Perhaps the most critical moment in the behavior change process is when someone makes a decision to change their behavior. It is that moment where they decide that the consequences—or potential consequences—of their current behavioral patterns are greater than the short-term benefits and that changing may improve their lives. This moment is a pivotal turning point in which they come to believe that they can and will change. Typically, these moments are triggered by a critical event (e.g., a drinking and driving arrest) or the buildup of repeated events (e.g., stepping on the scale every night). Furthermore, these motivational bursts tend to occur while an individual is in their natural environment, such as lying in bed reviewing the day’s events.
Regardless of the path to this cognitive shift, it is during this moment that an individual is highly motivated to meet their behavioral goals. In fact, at this moment the individual becomes their own best advocate. Their self-efficacy is high; they believe they can and will achieve their goals. This is the moment that every motivational interviewing therapist wants to achieve in session. However, this “ah-ha” experience is typically fleeting for most individuals, as rates of initial behavior change have not translated into similar rates of behavioral maintenance – even for those who seek professional assistance.
Of those who do achieve some success early on, most individuals revert back to their old unhealthy behaviors within weeks or months of their initial decision to change. This pattern is remarkably similar across behaviors: exercise, smoking cessation or nearly any other goal-directed behavior that requires persistence and long-term motivation. At its core, motivation is fleeting if not reinforced appropriately.
Several years ago, we published an article suggesting that capturing a person’s cognitions in their own words during a motivational interviewing therapy session when commitment is high and then sending it to the individual when motivation is lower could be an effective means to help maintain motivation over time (Muench, 2006). This article was based on the concept of self-modeling, which posits that an individual can learn by reviewing their own behavior from a previous time or in a different context in the present (Dowrick, 1999). As Bandura (1986) highlights, “model-observer” attribute similarity increases success, and this is heightened when an individual is their own model (Dowrick, 1999). Self modeling interventions have been used to improve sports performance as well as treat a variety of disorders such as selective mutism and social phobia.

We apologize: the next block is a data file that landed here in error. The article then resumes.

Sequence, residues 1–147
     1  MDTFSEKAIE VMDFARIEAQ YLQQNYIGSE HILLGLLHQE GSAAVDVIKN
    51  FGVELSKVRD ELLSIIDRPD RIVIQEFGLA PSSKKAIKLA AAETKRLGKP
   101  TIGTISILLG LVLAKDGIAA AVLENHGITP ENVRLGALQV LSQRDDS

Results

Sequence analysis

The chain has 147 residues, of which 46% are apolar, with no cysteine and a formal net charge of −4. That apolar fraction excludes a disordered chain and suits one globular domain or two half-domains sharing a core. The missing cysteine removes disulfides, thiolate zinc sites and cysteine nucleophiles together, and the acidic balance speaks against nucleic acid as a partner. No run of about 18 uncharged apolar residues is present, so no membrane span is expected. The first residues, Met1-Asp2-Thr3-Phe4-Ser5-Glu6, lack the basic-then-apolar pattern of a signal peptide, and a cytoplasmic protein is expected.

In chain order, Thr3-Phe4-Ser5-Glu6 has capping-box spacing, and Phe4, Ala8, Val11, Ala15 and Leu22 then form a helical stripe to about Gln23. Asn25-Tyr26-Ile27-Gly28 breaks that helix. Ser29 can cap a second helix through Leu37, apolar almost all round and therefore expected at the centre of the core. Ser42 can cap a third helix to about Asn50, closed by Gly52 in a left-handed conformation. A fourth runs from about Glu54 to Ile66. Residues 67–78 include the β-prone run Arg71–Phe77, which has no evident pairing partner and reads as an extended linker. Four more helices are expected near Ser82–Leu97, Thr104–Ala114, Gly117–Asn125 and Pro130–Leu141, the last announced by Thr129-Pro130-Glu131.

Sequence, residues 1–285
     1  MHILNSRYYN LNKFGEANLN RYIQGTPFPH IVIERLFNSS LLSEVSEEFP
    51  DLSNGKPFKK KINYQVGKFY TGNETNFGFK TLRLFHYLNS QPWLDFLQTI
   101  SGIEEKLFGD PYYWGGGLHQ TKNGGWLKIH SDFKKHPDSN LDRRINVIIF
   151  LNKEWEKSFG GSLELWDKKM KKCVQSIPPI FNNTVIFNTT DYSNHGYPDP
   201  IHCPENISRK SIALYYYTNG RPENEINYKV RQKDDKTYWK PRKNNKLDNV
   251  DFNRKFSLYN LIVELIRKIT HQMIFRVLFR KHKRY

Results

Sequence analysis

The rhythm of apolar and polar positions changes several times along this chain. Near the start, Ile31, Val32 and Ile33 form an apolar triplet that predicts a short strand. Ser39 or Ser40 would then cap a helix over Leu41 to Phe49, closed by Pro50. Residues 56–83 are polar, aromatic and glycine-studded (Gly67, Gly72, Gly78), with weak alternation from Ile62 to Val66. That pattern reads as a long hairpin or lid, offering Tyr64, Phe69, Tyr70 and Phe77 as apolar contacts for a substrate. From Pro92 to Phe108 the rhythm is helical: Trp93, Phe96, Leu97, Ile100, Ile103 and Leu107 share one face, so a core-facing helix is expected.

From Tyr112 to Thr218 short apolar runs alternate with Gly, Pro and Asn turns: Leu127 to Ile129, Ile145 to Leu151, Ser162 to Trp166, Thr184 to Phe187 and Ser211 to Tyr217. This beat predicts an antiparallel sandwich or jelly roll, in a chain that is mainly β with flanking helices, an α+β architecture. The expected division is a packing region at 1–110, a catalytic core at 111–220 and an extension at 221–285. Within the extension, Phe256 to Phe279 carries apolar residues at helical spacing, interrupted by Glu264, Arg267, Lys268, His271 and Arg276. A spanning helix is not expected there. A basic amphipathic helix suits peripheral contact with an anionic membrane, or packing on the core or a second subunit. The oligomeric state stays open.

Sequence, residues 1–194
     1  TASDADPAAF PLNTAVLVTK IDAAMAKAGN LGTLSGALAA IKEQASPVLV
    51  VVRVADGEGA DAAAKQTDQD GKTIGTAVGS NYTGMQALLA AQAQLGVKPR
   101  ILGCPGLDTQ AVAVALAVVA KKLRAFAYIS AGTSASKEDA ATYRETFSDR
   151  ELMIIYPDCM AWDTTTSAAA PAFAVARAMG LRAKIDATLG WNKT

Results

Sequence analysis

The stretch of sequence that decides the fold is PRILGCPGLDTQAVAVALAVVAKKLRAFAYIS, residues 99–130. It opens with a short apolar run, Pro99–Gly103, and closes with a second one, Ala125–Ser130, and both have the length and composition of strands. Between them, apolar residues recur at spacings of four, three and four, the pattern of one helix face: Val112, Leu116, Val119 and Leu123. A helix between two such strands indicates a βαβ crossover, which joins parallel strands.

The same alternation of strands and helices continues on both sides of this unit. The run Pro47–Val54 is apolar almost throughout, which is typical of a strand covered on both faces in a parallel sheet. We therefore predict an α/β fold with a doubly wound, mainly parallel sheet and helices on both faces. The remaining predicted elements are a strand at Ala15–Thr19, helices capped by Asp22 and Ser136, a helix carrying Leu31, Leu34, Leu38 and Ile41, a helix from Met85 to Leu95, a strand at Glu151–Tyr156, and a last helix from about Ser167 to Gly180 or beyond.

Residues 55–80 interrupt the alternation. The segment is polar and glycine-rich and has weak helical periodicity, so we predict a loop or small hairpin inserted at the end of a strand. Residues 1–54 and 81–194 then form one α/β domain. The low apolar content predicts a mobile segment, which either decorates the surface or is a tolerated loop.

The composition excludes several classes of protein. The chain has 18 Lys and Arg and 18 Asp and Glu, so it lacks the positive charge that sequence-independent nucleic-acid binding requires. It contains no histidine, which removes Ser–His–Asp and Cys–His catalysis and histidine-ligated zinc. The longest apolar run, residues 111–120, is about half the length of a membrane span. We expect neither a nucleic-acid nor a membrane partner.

Self-modeling was born out of audio and video recording and replay technology. The earliest published reference to a recording tool used for therapeutic means indicated that a tape recorder could function as a self-therapeutic technique to enhance self-awareness (Shor, 1955). Today, self-modeling can be enhanced dramatically through web-based, IVR or mobile capture of text or audio and video recordings at critical behavior change moments which can then be relayed to the individual on their mobile phone when motivation may be lower. The 24 hour accessibility of technology provides an opportunity to capitalize on the fleeting nature of the “ah-ha” experience.